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After all the excitement of the lead-up, the hope, the optimism and the speculation, the first week of the Rugby Championship is over and things pretty much went exactly as most people expected.
The All Blacks and the Springboks won, the Pumas were better than they used to be and the Wallabies weren’t as good as they promised to be.
Set piece woes
It would be easy to focus on how the Wallabies were undone by their set-piece but in reality none of the four sides really covered themselves in scrum or lineout glory.
Of the 55 lines out for example across the two matches, a third were lost by the team throwing in the ball.
Of course nowhere else was the impact of a malfunctioning lineout more evident than in Sydney. The Wallabies lost 50 per cent of their own throws and their lineout become so poor that it was a genuine weapon for the All Blacks – they could kick into touch and have a pretty good chance of getting the ball back.
Every nation’s forwards’ coach will be working their packs hard this week to fix these issues and the Wallabies this is more critical than the others.
The way in which their set piece fell away in the second half in particular was alarming and they cannot hope to win the second round with the same level of performance.
Wallabies’ impressive first-half defence
In the opening 38 minutes of Bledisloe 1 the Wallabies kept the All Blacks scoreless.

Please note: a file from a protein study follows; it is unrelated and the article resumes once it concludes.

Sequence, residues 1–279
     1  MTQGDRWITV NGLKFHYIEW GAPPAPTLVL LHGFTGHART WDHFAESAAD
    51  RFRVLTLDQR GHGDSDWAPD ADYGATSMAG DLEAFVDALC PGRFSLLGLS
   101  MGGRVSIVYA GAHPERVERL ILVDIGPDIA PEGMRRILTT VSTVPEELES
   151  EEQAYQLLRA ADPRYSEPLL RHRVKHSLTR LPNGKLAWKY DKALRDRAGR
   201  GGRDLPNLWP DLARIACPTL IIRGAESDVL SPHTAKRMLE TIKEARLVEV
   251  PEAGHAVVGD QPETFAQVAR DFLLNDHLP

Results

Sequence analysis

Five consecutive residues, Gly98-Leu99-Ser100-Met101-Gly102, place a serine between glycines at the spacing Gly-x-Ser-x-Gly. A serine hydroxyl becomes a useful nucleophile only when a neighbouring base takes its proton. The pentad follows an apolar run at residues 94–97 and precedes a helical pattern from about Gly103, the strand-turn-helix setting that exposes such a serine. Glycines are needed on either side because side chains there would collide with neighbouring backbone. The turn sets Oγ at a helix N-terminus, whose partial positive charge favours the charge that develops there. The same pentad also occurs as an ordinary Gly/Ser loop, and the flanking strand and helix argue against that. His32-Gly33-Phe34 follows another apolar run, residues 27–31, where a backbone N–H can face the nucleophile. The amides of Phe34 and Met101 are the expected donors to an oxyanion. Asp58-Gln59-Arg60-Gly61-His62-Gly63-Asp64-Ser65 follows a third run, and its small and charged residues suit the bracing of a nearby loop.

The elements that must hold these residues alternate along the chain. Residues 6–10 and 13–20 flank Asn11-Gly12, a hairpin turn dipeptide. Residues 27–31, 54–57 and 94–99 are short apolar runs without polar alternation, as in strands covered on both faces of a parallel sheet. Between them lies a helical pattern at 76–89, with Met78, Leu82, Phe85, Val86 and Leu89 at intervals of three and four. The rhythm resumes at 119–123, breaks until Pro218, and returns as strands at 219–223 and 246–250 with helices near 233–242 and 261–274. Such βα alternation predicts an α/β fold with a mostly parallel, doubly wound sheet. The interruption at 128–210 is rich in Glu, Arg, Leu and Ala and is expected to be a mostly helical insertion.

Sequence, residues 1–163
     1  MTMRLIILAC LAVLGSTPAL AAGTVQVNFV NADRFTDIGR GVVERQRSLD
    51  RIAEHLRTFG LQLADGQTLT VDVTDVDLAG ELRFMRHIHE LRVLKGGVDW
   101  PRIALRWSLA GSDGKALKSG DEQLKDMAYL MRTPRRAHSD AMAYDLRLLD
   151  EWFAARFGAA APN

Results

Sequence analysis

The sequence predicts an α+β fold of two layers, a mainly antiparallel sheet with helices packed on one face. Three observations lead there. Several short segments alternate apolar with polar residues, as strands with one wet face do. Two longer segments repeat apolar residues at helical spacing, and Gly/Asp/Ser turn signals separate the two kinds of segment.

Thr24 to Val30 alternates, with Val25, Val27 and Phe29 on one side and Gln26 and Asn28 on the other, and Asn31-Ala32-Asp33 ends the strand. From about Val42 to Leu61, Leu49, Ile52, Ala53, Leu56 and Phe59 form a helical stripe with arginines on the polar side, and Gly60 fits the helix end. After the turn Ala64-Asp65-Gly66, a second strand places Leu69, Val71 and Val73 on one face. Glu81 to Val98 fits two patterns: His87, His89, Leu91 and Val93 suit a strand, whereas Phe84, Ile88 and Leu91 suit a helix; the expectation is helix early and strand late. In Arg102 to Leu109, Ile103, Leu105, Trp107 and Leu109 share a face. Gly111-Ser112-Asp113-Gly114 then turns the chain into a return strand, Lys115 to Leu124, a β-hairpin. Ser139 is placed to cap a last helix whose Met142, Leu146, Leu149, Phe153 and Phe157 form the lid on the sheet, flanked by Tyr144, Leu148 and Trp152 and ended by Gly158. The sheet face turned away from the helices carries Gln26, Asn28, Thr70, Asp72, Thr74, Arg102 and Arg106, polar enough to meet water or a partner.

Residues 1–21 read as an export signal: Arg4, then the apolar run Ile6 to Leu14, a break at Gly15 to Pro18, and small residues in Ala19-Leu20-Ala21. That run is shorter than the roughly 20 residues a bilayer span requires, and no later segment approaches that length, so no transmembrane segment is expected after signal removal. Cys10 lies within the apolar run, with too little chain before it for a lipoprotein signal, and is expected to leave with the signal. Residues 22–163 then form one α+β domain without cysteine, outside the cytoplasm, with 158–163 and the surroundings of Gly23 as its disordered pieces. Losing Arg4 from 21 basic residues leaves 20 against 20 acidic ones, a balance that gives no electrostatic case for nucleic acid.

That’s impressive and the controlled intensity of their defence was impossible for the Kiwis to break down.
There were long periods of possession for the men in black but the Wallabies kept them out time and time again.
In the same fixture last year the Aussies were torn to pieces in the first half and their defence was made to look like a pasta strainer. But in Saturday’s game they showed how far they’ve come.
There was just one problem…
Fitness levels of the Wallabies
That first half of intense defensive effort left the Wallabies absolutely spent. Within minutes of the second half beginning their defence started to leak as tackles were missed and holes appeared.
The situation was best summed up when Brodie Retallick – the big lumbering second row – dummied Bernard Foley, went through the gap and ran in unopposed from 35m while neither Will Genia, Reece Hodge or Foley could get anywhere near to him. This happened in the 62nd minute and the score was 19-6 to the Kiwis.